Edtech is a tricky beast for many reasons. One major challenge I’ve focused on during our online education month is the business model.
Plenty of edtech startups have built brilliant products that leverage technology to improve the way teachers teach and kids learn. But, as we’ve outlined, the fremium, lean startup bottom-up sales method that’s now popular in enterprise software doesn’t work in edtech. Teachers don’t have budgets or buying power, and schools require long procurement processes to implement new technology. Beyond that, schools are risk-averse — they can’t easily pivot away from a new technology when it doesn’t meet their needs.
There are a few ways a freemium edtech company can monetize. They can deliver eyeballs to advertisers, a model most schools find unsavory. They can get paid on commission when students or teachers buy things, but it’s unclear how much money exists in such a model as teachers have limited budgets for supplies and it’s hard to ask families to shell out for tech that’s not mission-critical. Of course, the startups can get paid if the tools actually are useful and mission critical; they can also get paid because they underwent the painful top-down process of selling into the school districts.
Plenty of edtech startups have taken a page from the sales model pioneered by the likes of Dropbox, Expensify and Yammer. They offer the product for free and try to sell premium products on top.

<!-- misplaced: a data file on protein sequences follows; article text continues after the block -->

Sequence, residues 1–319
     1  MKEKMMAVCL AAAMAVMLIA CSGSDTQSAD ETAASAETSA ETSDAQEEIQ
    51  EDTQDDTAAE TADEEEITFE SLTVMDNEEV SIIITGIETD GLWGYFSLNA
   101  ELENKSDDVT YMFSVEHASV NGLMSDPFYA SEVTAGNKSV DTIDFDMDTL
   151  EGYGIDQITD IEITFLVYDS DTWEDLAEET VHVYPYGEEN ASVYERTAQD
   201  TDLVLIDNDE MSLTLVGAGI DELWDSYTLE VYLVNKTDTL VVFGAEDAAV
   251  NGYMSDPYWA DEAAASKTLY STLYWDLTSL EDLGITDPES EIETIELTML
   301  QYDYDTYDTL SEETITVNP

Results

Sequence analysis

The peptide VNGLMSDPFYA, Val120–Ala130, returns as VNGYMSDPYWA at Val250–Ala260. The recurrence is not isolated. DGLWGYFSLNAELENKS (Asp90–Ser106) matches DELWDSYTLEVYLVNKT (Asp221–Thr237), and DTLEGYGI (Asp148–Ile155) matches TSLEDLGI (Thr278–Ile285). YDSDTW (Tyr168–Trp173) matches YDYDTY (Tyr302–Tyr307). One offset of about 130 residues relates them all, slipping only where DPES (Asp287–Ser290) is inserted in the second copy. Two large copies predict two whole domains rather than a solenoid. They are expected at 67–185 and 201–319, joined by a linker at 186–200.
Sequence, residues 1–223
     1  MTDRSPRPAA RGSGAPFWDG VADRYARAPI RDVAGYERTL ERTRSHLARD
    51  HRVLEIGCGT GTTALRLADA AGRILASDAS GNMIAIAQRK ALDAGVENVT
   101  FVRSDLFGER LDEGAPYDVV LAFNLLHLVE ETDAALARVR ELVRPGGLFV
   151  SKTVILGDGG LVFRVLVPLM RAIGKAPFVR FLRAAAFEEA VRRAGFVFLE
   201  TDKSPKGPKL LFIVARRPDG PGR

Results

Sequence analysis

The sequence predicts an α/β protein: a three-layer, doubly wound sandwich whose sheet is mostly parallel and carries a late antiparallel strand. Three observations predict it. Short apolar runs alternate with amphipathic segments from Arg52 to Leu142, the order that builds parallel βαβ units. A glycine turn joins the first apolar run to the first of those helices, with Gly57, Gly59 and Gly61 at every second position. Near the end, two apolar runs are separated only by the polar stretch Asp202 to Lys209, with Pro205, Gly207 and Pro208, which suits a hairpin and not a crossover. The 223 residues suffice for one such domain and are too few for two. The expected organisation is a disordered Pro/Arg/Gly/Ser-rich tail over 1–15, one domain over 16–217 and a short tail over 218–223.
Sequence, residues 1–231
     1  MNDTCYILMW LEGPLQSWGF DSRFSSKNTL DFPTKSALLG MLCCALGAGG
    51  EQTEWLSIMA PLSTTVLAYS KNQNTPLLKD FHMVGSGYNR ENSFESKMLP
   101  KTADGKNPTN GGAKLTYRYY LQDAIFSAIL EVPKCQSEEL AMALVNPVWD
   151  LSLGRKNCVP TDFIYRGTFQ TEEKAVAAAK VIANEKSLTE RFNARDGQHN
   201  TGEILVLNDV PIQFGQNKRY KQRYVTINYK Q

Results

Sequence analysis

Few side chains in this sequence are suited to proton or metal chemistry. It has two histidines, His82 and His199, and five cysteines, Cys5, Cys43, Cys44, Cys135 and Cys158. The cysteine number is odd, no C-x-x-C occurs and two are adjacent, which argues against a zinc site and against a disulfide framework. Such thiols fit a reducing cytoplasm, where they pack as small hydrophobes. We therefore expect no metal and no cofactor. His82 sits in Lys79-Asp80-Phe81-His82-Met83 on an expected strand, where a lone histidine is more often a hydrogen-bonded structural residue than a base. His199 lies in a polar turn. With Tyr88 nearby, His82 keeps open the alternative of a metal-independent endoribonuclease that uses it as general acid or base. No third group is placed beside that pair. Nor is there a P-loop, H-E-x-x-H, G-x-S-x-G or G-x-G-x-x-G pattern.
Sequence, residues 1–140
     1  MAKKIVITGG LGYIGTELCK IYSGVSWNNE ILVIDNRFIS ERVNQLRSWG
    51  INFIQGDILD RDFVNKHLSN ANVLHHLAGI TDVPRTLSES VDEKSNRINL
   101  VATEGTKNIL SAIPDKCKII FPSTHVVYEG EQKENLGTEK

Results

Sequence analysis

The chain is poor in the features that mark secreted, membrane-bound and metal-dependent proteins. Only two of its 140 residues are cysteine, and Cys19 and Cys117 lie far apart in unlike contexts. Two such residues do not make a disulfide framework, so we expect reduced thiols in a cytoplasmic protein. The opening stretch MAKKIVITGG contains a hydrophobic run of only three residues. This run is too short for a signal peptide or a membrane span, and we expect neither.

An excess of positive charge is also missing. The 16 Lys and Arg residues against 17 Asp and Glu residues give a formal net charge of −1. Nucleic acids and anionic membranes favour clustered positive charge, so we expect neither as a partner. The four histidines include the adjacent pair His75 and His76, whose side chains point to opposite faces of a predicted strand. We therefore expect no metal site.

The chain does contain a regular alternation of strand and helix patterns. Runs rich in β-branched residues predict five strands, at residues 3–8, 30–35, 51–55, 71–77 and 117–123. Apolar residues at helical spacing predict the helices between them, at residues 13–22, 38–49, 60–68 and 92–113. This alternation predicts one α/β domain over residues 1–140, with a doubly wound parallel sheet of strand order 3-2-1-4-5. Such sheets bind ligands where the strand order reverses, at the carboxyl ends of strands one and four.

But hoping a product will trickle up to the district level, where the schools will decide to start spending money on the product, is a long shot. That’s why I was surprised that several ed-tech pros, both on the education and tech side, agreed that Schoology might be poised to crack the code on freemium business models.
The New York-based company is helped by its scale. Four years into its life and the company has accumulated two million users on its free platform. The company has built enough support for its course management tools from teachers that they are actually advocating to the districts on behalf of Schoology for an upgrade to the premium version.
The company’s early conversions are in line with its long-term expectations: Around five percent of users have converted to paid clients. Half of those paid clients have signed up for premium tools after using the free version. Teachers at more than 35,000 schools use Schoology; the company’s “few hundred clients” includes one-off schools and larger districts of 150 or more schools. Between 500,000 to 600,000 of the company’s two million users are premium users. This year, Schoology plans to grow its sales by 400 percent, says Jeremy Friedman, CEO and Founder. Schoology’s user base is expected to grow from two million to five to six million.
“If we were top-down only, we wouldn’t be able to convert as much as we have,” Friedman says. Still, selling into the districts is not an easy process. The sales cycle can take between two and eight months, and each sale involves a personal interaction. But Schoology directs its small, seven-person sales team to the districts most likely to buy by tracking engagement at each school and focusing on the schools with the highest penetration. Using that technique, the company went from zero sales in 2011 to a few hundred clients in 2012. It’s still slow and difficult, but in an industry with plenty of strike-outs, it’s a promising start.